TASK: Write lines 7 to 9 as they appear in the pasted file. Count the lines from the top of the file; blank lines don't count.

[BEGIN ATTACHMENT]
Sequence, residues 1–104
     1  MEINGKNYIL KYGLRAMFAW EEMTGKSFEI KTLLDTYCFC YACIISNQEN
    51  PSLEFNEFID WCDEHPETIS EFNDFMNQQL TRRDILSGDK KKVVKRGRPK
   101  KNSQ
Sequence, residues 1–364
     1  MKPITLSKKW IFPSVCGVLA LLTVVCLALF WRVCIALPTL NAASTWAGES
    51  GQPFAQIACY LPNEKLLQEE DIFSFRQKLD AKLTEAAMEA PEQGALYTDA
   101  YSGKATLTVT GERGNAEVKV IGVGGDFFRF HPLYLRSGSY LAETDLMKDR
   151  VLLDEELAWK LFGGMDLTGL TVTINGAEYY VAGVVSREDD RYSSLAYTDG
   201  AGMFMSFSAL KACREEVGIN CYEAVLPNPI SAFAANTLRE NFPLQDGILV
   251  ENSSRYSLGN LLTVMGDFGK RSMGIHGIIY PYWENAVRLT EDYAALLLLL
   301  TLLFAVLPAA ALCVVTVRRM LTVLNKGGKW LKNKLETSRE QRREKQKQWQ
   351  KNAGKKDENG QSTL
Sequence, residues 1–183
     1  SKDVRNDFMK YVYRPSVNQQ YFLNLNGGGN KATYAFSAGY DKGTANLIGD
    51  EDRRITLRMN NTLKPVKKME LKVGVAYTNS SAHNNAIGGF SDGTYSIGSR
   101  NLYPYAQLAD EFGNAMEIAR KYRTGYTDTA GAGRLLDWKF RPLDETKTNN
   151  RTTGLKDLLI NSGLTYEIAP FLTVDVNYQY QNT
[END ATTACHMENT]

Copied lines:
    51  GQPFAQIACY LPNEKLLQEE DIFSFRQKLD AKLTEAAMEA PEQGALYTDA
   101  YSGKATLTVT GERGNAEVKV IGVGGDFFRF HPLYLRSGSY LAETDLMKDR
   151  VLLDEELAWK LFGGMDLTGL TVTINGAEYY VAGVVSREDD RYSSLAYTDG